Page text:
- Medical Data Transfer: Imaging, Wearables and IoT Devices – Private 5G networks can provide the low-latency, high-bandwidth connectivity required to transmit high-resolution images or large quantities of data in real-time. In practice, this means healthcare professionals can make accurate diagnoses and treatment decisions based on fast, state-of-the-art medical imaging.
Likewise, wearable devices and IoT sensors are becoming increasingly popular in healthcare as they can provide valuable data on patients’ health and wellbeing. Healthcare professionals can use private 5G networks to support these devices with the low-latency connectivity required to continuously transmit data in real-time – enabling doctors and caregivers to make more informed decisions about patient care.
Specialist surgeries will not necessarily have to be carried out in one hospital, widening access to healthcare for the public. The connectivity and reliability of private 5G enables expert surgeons to remotely assist procedures, without the need to be physically present in the same location.
Looking more to the future, PwC’s ‘5G in Healthcare’ report illustrates the opportunity for private 5G networks to aid complex operations when using next-generation technology in the future – from AI to augmented reality, virtual reality and robotic equipment.
What are the benefits?
Private 5G networks offer a range of benefits for the healthcare industry, including faster, more reliable connectivity with high-bandwidth and low-latency to support a range of innovative healthcare applications and services.
One particular area that serves to benefit from private 5G networks is patient outcomes. With healthcare professionals empowered to make more informed decisions about patient care, they can foster more improved outcomes and better overall health. Similarly, private 5G networks can help streamline workflows and reduce administrative overhead, increasing efficiencies across the healthcare sector.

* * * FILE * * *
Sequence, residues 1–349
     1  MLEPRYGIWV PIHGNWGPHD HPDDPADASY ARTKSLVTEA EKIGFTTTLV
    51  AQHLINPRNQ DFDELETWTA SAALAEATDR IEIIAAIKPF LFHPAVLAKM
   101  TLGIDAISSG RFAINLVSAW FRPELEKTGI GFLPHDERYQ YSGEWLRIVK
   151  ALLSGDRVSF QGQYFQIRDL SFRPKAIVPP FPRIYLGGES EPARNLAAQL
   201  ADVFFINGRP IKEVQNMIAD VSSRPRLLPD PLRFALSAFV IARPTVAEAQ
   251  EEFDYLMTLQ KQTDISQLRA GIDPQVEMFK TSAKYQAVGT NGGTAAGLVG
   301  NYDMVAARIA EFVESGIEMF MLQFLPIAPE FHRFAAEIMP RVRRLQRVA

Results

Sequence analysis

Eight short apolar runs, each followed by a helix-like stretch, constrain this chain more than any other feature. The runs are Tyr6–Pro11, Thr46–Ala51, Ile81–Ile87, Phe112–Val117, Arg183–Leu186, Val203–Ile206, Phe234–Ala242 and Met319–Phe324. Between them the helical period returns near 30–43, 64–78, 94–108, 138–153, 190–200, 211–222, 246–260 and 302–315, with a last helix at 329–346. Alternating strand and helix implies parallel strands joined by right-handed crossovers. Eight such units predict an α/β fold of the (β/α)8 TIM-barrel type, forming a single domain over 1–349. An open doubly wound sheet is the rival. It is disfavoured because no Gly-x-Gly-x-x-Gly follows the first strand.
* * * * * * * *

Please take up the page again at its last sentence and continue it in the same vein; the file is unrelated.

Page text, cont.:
But with advanced technology comes the need for enhanced security. 5G, alongside other technologies such as AI or ML, can enable cutting-edge protection with encryption and access controls – helping to protect patient data and ensure compliance with regulatory requirements.
The future of healthcare with private 5G networks
Today’s healthcare environment is grappling with reduced funding and increased pressure to deliver at pace. But no person is the same, so alongside enhanced data analytics to support diagnostics and procedures, the sector is trying to deliver more personalised, customisable healthcare and treatments.
Private 5G networks can be customised to meet the specific needs of a healthcare organisation based on a combination of factors, including applications, network architecture, speed, scale and budget. When it comes to the healthcare sector and private 5G networks, finding the right partner to support deployment – as well as continued management post-rollout – is fundamental to ensuring the longevity of 5G-enabled solutions.
Innovation in healthcare won’t stand still. Healthcare providers need to know they have the flexibility to evolve and adapt without being tied to a particular solution or vendor. For instance, choosing a technology partner that’s agnostic to hardware or network equipment so any combination of equipment can be implemented. That way, the latest solutions will always be available for healthcare professionals and patients today, and tomorrow.
About the Author
Viswanathan Ramaswamy is Vice President, 5G & Digital Solutions Incubation at Tata Communications.